That we age and leave behind this litter of dead, unrecoverable selves is both unbearable and the commonest thing in the world—it happens to everybody…In the dark one truly feels that immense sliding, that turning of the vast earth into darkness and eternal cold, taking with it all the furniture and scenery, and the bright distractions and warm touches, of our lives.

Not only can’t I recall much about writing The Icon Thief, but when I look at pictures of my daughter as a baby, from just two or three years ago, I can barely seem to remember that, either. I’d laugh about it, but it also makes me very sad.

And I suspect that a lot of parents would report the same phenomenon. Part of this is because we tend to have children at an age when time already seems to pass more quickly, but there’s also something else involved. It’s generally agreed that forgetting plays an important role in memory. In a paper first published in 1970, the psychologist Robert A. Bjork argued that forgetting is a way of minimizing interference between old and new experiences:

When people voice complaints about their memory, they invariably assume that the problem is one of insufficient retention of information. In a very real sense, however, the problem may be at least partly a matter of insufficient or inefficient forgetting. If one views the human cognitive apparatus as an ongoing information-handling system, it is clear that some mechanism to update the system, to keep the system current, is crucial…The positive function of any such forgetting mechanism is to prevent information no longer needed from interfering with the handling of current information.

Bjork went on to provide an example that seems more resonant the more I think about it:

Consider the information processing task faced by the typical short-order cook. He must process one by one…a series of orders that have high interorder similarity. Once he is through with “scramble two, crisp bacon, and an English,” his later processing of similar but not identical orders can only suffer to the degree that he has not, in effect, discarded “scrambled two, crisp bacon, and an English.”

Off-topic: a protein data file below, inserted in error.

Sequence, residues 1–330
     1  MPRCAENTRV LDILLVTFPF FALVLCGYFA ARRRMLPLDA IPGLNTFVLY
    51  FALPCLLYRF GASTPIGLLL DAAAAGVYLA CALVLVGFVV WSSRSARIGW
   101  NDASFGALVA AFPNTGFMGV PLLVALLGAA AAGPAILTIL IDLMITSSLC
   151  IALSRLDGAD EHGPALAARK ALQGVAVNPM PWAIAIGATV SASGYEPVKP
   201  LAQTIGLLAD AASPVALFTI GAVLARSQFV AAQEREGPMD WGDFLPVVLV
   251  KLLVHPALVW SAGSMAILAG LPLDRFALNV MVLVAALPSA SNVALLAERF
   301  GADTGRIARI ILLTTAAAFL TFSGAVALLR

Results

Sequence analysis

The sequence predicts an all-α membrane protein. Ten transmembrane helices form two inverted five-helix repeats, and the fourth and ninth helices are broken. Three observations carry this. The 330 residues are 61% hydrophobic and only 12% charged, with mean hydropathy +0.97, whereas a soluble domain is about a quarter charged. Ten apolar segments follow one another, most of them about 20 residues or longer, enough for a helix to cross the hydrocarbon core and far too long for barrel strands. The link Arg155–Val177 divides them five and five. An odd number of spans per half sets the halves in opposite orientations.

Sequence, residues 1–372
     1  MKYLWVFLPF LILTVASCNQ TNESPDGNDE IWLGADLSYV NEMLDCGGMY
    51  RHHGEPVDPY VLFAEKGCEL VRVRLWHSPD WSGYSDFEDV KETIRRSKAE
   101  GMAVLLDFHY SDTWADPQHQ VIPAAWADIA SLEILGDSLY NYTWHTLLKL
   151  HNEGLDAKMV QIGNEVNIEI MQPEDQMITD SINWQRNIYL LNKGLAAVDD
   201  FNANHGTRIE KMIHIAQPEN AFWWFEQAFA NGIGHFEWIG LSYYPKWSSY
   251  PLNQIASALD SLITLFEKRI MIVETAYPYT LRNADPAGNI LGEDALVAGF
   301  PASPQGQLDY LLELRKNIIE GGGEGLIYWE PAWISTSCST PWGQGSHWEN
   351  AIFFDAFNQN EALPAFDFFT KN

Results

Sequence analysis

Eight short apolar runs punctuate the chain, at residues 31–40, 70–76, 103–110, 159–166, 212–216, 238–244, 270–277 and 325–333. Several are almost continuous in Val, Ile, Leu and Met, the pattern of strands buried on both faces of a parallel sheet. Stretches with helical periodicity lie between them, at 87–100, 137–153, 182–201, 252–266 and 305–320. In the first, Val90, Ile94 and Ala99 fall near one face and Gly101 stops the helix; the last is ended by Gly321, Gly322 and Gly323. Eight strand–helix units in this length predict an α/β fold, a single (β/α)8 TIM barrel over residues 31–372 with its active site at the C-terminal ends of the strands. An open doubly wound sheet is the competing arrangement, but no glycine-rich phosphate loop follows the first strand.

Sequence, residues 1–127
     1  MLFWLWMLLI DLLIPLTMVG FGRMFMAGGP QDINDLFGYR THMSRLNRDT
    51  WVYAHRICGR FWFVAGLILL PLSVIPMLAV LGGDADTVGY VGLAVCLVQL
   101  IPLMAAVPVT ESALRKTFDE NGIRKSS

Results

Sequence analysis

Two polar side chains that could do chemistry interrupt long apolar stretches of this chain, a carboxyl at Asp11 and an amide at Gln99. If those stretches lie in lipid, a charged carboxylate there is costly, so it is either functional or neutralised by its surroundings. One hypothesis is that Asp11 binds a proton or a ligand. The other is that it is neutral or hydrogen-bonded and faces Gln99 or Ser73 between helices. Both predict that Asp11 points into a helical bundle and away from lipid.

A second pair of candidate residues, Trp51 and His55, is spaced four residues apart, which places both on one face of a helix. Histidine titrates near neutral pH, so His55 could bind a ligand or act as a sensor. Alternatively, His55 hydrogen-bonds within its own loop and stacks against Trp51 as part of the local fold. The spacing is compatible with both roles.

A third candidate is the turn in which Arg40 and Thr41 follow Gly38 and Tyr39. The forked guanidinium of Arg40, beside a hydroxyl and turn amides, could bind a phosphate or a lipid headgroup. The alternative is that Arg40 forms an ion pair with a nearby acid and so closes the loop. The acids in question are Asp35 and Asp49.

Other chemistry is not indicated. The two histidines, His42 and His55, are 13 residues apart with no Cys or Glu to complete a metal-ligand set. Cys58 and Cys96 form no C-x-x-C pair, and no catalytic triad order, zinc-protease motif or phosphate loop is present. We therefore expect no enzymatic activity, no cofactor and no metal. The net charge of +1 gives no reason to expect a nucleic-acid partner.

The crucial phrase here, I think, is “interorder similarity.” It’s the everyday things that we tend to forget first. I have trouble reconstructing my daily routine from earlier periods in my life, like what I ate for breakfast in my twenties, but exceptional events, like travel to foreign countries, remain relatively vivid. There’s nothing odd about the idea that unusual or striking memories would persist more strongly, but you could also turn that argument on its head: the days that were more or less the same as the ones that followed are more likely to be discarded because they interfere with surrounding information. This allows us to focus on the problems of each day without distraction, but over time, it can turn entire years into a blur. That’s certainly true of writing novels, in which the sameness of each day’s work allows for those rare moments in which inspiration takes place. (It’s noteworthy that both Christie and King were genre novelists who reworked the same conventions over the course of many books. You could also say the same thing about many “literary” authors like Updike, whose novels tend to blend together. And I’d be curious to know if a writer whose style and themes change radically between novels, like David Mitchell or Mark Helprin, would have a different perspective.) Writing a novel, like raising a baby, can also be unpleasant, and perhaps this selective amnesia is what fools us into trying it again. Smith writes of The Autograph Man: “Between that book and me there now exists a sort of blank truce, neither pleasant nor unpleasant.” Sometimes you have to make a similar kind of truce with the past to go on living, and forgetfulness is where it begins. As Hercule Poirot would say, it’s a matter of little grey cells, and we can’t expect to hold onto them forever.

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May 4, 2017 at 9:05 am

Quote of the Day

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No honest writer of history is obscure, as a rule, except through carelessness or ignorance—ignorance, it may be, of the art of writing, or of the subject he is writing about, or of the persons he is addressing, or of the words he is using, but, in any case, ignorance of something. But an honest writer of poetry or prophecy may be consciously obscure because a message, so to speak, has come into his mind in a certain form, and he feels this likely to prove the best form—ultimately, when his readers have thought about it.

Edwin Abbott Abbott, Johannine Grammar

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May 4, 2017 at 7:30 am